Nevil Shute Norway Foundation

Book Review

[NOTE: The following excerpt from "The Far Country" was taken from The Paper Tiger Rare Books site.-JRH]

Jack and Jane Dorman are sheep ranchers in Australia. After many long years of hard work and penny-pinching, suddenly the price of wool skyrockets and they discover that they are wealthy for the first time in their adult lives. This excerpt from the Far Country is the only place in a Nevil Shute novel, of which I am aware, where he implicitly expresses his views on "modern art". four-twenty they drew up in front of the Windsor Hotel... and the Dormans went up to their bedroom; a fine, lofty room with plenty of cupboards and a bath. After the constrictions of their rather mediocre station homestead it seemed like a palace to them; the hard years fell behind them, and for the moment they were young again.

"Jack," said Jane, "don't let's see anyone tonight. Let's just have a very, very good dinner and go to a theatre. Any theatre."

"Don't you want to see Angie?"

"Angie can wait till tomorrow," said her mother. "I want to see a theatre. Angie's probably seen them all. Let's go out alone."

"All right," he said. "I'll go down and see what we can get seats for."

She said, "And I want a bottle of champagne with dinner."

" My word," he said. "What'll I order for dinner- mutton?"

"You dare! Oysters and roast duck, or as near as you can get to it."

They went out presently and walked slowly in the heat down the tree-shaded slope of Collins Street, tacking from side to side to look at the shops. Jane said presently, "I know what I want to buy."

"What's that?"

"A picture."

He stared at her. "What sort of picture?"

"An oil painting. A very, very nice oil painting."

"What of?"

"I don't mind. I just want a very nice picture."

"You mean, in a frame, to hang on the wall?"

"That's right. We had lots of them at home, when I was a girl. I didn't think anything of them then, but now I want one of my own."

He thought about it, trying to absorb this new idea, to visualize what it was that she wanted. "I thought you might like a bracelet, or a ring," he said. With so much money in their pockets, after so long, she should have something really good.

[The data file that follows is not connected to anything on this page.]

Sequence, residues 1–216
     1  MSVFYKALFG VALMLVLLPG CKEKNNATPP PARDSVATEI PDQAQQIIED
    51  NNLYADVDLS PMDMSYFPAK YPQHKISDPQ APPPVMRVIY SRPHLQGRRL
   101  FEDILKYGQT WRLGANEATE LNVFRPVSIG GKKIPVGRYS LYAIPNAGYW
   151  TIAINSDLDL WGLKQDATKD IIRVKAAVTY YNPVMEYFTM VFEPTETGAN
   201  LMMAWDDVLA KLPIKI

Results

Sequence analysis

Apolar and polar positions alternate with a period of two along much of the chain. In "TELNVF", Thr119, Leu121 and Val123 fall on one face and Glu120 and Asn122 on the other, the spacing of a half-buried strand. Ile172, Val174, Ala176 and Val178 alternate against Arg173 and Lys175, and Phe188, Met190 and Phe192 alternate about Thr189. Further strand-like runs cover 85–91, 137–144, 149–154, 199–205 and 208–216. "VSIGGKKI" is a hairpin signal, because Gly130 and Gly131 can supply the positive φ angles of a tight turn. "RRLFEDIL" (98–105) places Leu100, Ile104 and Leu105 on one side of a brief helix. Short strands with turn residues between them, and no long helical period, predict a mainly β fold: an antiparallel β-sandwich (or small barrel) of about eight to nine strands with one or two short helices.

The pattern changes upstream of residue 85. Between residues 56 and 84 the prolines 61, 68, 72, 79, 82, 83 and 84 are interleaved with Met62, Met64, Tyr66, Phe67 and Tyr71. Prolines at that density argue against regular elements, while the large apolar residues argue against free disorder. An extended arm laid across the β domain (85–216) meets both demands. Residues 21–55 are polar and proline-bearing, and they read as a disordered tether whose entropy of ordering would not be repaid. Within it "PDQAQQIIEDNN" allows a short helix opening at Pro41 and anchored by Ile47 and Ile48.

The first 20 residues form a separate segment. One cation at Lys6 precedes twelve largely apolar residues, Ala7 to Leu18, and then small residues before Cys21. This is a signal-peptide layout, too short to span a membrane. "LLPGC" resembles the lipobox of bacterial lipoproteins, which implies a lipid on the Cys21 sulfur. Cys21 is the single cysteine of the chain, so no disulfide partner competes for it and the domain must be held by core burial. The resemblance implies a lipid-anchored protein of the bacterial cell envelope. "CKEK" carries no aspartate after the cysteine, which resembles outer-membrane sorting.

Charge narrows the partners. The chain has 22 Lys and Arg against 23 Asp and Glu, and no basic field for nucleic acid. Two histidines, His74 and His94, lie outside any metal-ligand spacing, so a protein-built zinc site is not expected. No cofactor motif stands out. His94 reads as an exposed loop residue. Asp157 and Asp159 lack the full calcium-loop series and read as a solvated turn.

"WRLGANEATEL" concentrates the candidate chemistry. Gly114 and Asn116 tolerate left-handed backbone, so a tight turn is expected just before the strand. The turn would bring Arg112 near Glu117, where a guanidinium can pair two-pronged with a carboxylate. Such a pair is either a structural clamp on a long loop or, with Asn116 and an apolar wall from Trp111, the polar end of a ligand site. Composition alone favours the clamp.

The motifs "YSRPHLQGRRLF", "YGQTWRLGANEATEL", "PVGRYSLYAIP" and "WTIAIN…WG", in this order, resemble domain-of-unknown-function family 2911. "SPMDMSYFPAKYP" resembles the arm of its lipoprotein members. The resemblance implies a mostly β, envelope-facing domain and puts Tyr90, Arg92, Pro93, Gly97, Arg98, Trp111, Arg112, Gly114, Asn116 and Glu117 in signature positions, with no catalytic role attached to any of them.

She squeezed his arm. "That's sweet of you, but I don't want jewelry. I'd never be anywhere where I could wear it. No, I want a picture."

He tried to measure her desire by yardstick. "Any idea what it'll cost?"

"I don't know till I see it," she said. "It might cost a hundred pounds."

"A hundred pounds!" he said. "My word!"

"Well, what's the Ford going to cost you?"

"Aw, look," he said. "That's different. That's for the station."

"No, it's not," she said. "The Chev'll do the station work for years to come. It's for you to run about in and cut a dash, and it's costing fourteen hundred pounds."

"It's for both of us," he said weakly, " and it comes off the tax."

"Not all of it," she said. "If you're having your Ford Custom I'm going to have my picture."

He realized that she was set on having this picture; it was a strange idea to him, but he acquiesced. "There's a shop down here somewhere," he said. "Maybe there'd be something there you like."

When they came to the shop it was closed, but the windows were full of pictures, religious and secular. He knew better than to offer her a picture of the infant Christ in her present mood, although he rather admired it himself. He said, "That's a nice one, that one of the harbour. The one where it says 'St. Ives."'

It was colourful and blue, with fishing vessels. "It's not bad," she said, "but it's a reproduction. I want a real picture, an original."

He studied the harbour scene. "Where would that be?" he asked. "Is it in England?"

"That's right," she said. "It's a little place in Cornwall."

"Funny the way people want to buy a picture of a place so far away," he said.

"I suppose it's because so many of us come from home."

There was nothing in the shop window that she cared for, nor did it seem to her that there was likely to be what she wanted deeper in the shop. "I'd like to go to picture galleries," she said. "They have a lot of galleries where artists show their pictures and have them for sale. Could we see some of those tomorrow, Jack?"

"Course we can," he said. "I've got to pick up the Custom in the morning, but we'll have all day after that."

She smiled. "No, we won't - you'll be wanting to drive round in the Custom. We'll go to the picture galleries in the morning and pick up the Custom in the afternoon."